President Obama and Mitt Romney wasted no time laying into one another’s energy policies — an issue central to political battles over jobs and the economy — at Wednesday night’s debate.
Romney noted that gasoline prices have risen considerably on Obama’s watch and noted more broadly that “middle-income families are being crushed.”
He also revived his criticism of Obama administration regulations that Republicans say are hurting the coal industry.
“People in the coal industry feel like they are being crushed by your policies,” Romney said at the debate in Denver.
Obama administration officials have criticized GOP attacks on Environmental Protection Agency air pollution rules, arguing that scuttling the regulations would gut crucial public health protections. They also say that inexpensive natural gas, not regulations, are responsible for the coal industry’s woes.
Romney, a former Republican governor of Massachusetts, also touted his pledge to approve the Keystone XL oil sands pipeline from Canada to Gulf Coast refineries, a project still under consideration by the Obama administration.
Obama noted his support for oil-and-gas development, citing increased production during his presidency. But he has also accused Romney of turning his back on green energy and energy efficiency.
“I think it is important for us to develop new sources of energy here in America,” Obama said. “I also believe that we have got to look at the energy sources of the future like wind and solar and biofuels.”
But Romney said the rise in U.S. oil production has occurred “in spite” of Obama’s policies.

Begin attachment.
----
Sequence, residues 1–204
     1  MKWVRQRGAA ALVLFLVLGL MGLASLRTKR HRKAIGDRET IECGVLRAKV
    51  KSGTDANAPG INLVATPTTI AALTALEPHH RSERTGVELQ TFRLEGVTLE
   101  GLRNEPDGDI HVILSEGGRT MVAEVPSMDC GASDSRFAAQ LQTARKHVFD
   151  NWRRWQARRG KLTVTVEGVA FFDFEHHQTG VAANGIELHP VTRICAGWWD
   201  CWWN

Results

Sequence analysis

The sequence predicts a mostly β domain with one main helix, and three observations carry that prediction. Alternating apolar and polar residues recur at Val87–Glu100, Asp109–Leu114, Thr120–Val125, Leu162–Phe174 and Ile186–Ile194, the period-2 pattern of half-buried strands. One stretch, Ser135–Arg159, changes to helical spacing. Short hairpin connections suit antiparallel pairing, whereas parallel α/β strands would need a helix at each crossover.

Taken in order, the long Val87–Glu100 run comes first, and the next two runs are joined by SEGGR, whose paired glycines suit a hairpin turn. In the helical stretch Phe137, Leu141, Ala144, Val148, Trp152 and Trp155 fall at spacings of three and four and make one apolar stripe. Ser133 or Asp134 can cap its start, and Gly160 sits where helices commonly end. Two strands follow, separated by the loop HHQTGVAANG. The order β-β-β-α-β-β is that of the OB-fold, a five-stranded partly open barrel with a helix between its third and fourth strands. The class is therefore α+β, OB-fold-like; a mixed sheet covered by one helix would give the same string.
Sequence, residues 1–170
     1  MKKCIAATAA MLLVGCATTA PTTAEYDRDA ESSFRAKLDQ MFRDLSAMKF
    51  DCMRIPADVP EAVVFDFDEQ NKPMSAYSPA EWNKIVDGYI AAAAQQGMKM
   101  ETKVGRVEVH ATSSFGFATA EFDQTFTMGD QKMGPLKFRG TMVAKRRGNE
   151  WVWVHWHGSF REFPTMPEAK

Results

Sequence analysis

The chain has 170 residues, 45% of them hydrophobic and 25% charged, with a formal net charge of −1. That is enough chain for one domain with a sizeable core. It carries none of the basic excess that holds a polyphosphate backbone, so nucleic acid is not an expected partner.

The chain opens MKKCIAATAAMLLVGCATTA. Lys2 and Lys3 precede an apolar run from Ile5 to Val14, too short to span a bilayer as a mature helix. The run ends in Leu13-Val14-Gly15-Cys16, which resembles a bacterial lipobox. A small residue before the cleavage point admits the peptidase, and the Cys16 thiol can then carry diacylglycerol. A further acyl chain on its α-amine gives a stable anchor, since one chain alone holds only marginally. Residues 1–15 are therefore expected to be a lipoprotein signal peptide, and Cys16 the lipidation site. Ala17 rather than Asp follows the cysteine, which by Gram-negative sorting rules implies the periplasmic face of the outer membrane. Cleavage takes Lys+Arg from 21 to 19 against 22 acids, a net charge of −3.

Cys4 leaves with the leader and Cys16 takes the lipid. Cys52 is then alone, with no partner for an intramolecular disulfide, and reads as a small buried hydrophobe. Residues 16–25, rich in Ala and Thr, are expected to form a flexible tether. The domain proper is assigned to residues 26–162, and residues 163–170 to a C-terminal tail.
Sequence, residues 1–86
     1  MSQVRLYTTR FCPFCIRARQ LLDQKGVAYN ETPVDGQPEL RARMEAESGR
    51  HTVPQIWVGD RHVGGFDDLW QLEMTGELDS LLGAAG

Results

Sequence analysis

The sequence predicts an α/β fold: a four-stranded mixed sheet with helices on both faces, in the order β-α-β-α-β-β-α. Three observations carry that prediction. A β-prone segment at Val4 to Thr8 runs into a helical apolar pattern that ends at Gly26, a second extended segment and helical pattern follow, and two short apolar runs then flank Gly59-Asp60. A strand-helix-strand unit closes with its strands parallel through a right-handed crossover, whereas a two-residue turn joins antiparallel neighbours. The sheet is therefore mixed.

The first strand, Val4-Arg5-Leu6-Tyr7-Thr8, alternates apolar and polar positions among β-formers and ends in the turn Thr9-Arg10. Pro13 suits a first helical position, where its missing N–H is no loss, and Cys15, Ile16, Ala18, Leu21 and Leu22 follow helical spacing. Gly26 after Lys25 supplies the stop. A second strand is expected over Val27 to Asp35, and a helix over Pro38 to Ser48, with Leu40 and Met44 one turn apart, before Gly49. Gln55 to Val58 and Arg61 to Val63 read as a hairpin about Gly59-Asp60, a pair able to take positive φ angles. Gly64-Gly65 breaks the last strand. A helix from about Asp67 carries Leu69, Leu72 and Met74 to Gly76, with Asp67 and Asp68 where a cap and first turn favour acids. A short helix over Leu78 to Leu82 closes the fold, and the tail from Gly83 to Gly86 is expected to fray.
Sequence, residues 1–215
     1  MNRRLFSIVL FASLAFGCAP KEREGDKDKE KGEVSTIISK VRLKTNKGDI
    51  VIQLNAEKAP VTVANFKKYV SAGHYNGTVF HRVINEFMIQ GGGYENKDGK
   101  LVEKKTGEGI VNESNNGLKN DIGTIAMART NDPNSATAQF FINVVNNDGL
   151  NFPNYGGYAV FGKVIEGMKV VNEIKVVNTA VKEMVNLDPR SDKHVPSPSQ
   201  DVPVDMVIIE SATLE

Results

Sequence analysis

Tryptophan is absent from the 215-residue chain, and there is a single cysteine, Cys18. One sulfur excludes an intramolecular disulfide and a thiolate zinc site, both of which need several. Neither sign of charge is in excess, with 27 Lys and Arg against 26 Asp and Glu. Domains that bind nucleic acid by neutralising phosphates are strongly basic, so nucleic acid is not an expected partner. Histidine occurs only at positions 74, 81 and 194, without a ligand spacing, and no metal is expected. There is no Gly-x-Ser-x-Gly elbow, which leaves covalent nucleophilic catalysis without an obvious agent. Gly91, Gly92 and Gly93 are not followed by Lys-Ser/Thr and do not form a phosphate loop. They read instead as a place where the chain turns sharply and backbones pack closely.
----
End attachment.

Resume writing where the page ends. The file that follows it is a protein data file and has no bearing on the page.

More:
While overall oil production is rising and import reliance has been falling, production from federally controlled areas fell in fiscal 2011 after rising earlier in Obama's presidency, according to the federal Energy Information Administration.
The temporary deepwater drilling freeze imposed after the 2010 BP oil spill in the Gulf of Mexico has played a role in the production trend.
Obama also struck a populist tone in reiterating his call to end oil industry tax incentives.
“Does anybody think that Exxon Mobil needs some extra money when they are making money every time that you go to the pump?” Obama said.
Many Republicans, some Democrats and the oil industry say that removing billions of dollars in tax incentives would likely stymie domestic oil-and-gas projects.
Romney countered that many of the tax incentives go to smaller, independent companies, while adding that under his plan to lower corporate rates overall, ending those deductions would be “on the table.”
“That is probably not going to survive,” Romney said of the industry tax breaks.